Tuesday, 8 December 2015

Similar but different in the south-west, a pair of Dasypogonaceae


I'm milking the last from my sprinter (August) visit to Western Australia with two plants that are not quite what they look like. You might think the top one is a grass tree, and the other is not unlike the Queen of Sheba sun orchid I featured a few weeks ago. They might also look like they are unrelated to one another, but it turns out they are, related.

What we have here are two members of the plant family Dasypogonaceae, Kingia and Calectasia. Kingia is the grass tree look alike and Calectasia a small shrub with the most vivid of flowers.

In the case of Kingia I'm reminded of John Lydon singing 'This is not a love song' back in 1983. In that case the ditty by Public Image Limited was pretty clearly not a love song. In this case Kingia is something we still might like to call a grass tree - it has the grassy bits atop a trunk of sorts.

But the 'true', 'typical' or 'usual' grass tree is Xanthorrhoea with its spear-like flower stalk rising well above the tufty leaves. Kingia has a few short pom-pom-like flower clusters rising not far above the leaves and is not botanically close to Xanthorrhoea. The favoured common name is simply Kingia or Bullanock (and never Black Gin which is quite sensibly, along with Black Boy for Xanthorrhoea, considered in appropriate and offensive today).

Bullanock is only found in the south-west while there are species of Xanthorrhoea in the east and west. Both grow here near Pemberton.


Calectasia is a more diverse genus than Kingia, although for a long time it was assumed there was only a single species. The flowers are usually purplish with a metallic sheath, offset by fingers of bright yellow clustered in the centre.

The flowers of Calectasia grandiflora (Tinsel Lily) and Thelymitra variegata (Southern Queen of Sheba orchid) are similar and the orchid may be mimicking the tinsel lily in an attempt to trick visiting insects into thinking it has nectar to offer (but not putting any energy into producing energy so pollinating by deception). Here is the lily and then the orchid, both photographed in the Stirling Range.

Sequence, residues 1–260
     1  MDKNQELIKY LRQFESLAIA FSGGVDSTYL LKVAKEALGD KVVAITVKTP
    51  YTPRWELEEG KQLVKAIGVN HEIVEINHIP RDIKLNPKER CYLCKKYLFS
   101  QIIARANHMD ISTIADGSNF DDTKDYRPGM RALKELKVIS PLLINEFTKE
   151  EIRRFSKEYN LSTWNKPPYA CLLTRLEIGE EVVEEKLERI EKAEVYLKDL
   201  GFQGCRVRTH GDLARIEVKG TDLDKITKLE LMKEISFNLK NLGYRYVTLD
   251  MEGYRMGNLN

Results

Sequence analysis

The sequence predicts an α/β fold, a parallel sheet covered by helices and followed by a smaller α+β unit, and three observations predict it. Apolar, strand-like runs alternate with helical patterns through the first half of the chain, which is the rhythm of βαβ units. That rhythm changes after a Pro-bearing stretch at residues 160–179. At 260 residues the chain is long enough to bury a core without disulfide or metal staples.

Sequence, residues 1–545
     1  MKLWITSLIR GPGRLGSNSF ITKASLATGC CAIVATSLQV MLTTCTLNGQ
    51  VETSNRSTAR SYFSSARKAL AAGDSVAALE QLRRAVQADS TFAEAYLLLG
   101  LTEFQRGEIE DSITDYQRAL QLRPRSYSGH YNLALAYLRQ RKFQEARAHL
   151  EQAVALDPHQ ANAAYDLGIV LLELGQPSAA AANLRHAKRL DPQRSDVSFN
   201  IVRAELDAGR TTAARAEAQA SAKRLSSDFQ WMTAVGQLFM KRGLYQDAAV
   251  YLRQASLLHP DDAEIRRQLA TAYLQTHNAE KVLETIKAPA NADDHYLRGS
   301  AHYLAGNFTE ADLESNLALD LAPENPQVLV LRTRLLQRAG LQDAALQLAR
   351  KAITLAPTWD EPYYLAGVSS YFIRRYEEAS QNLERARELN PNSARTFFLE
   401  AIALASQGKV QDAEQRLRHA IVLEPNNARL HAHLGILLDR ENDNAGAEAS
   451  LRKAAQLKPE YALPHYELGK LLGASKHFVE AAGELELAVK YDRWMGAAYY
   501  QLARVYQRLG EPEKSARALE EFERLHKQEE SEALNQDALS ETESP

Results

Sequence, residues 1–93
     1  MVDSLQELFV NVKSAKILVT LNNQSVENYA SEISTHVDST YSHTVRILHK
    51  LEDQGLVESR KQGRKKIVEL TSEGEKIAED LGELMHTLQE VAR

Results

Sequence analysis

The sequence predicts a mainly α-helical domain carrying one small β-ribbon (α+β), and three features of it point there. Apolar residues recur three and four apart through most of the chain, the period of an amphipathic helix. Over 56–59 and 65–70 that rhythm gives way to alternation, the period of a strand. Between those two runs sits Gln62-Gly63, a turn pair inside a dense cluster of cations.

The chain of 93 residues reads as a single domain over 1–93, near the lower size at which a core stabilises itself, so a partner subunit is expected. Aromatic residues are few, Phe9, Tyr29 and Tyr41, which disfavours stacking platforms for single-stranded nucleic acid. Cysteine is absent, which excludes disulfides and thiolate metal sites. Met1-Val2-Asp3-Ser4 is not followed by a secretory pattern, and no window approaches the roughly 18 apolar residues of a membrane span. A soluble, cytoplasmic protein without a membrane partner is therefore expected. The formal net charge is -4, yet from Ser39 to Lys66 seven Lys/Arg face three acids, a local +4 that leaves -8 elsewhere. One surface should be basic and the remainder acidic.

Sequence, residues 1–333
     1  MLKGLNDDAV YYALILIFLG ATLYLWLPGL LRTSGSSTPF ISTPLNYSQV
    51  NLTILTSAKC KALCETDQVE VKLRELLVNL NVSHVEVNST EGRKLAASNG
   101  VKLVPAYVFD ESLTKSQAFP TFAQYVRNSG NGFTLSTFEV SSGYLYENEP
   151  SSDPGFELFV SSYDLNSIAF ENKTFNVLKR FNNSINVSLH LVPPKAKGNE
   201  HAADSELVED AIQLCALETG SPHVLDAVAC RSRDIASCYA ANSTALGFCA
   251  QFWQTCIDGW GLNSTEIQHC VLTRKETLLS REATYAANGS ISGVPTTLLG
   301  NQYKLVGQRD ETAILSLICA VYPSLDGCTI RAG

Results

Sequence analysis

Kingia and Calectasia both resemble other, unrelated species. On the other hand, while it's difficult to find any similarities between the two of them they are in the same plant family, called the Dasypogonaceae. 'Dasypogon' means something like a hairy beard.

The Dasypogonaceae is an odd little family with four genera. Its namesake, Dasypogon, is a genus of three species from south-west Western Australia, with pom-pom like flower heads (in form not unlike those of Kingia).  Kingia has this one species, Kingia australis, only found in south-west.


Calectasia these days has 10 species in the south-west and one in the east, and as you've seen the flowers are colourful, big and produced singly (although often in clusters on the plant). The fourth genus, Baxteria, has only a single species, from the south-west. It too has single flowers but fairly non-descript. This is Calectasia grandiflora in the Stirling Range.


Apart from that one species of the tinsel lily genus, Calectasia, all Dasypogonaceae are from the far south-west corner of Australia. Otherwise it's hard to find much they have in common. In the most recent classification based on molecular sequencing, the so-called APGIII (2009), the authors were still unclear about what to include in the Dasypogonaceae, and this remains the case today (2015).

Eventually, these genera might be combined with another order once the relationships are clearer (i.e. what is its nearest relative). But for now it's a convenient little dumping ground for plants mostly only found in the south-west and including these two distinctive genera.

What we can say is that Calectasia and Kingia have a common ancestor shared with a few other south-west Western Australian endemics and can be considered close relatives in an evolutionary sense. Otherwise, though, they still don't much look the same.

2 comments:

sue catmint said...

so interesting, Tim. How do botanists work out the common ancestry of these extremely disparate looking plants? Is it by gene sequencing? I've never been to the south west, and am dying to go, seems it is a unique ecosystem.

Tim Entwisle said...

Yes, these days with genetic sequencing, backed up by re-checking more traditional characters and often finding things we missed or misinterpreted. A fascinating part of the world floristically! Tim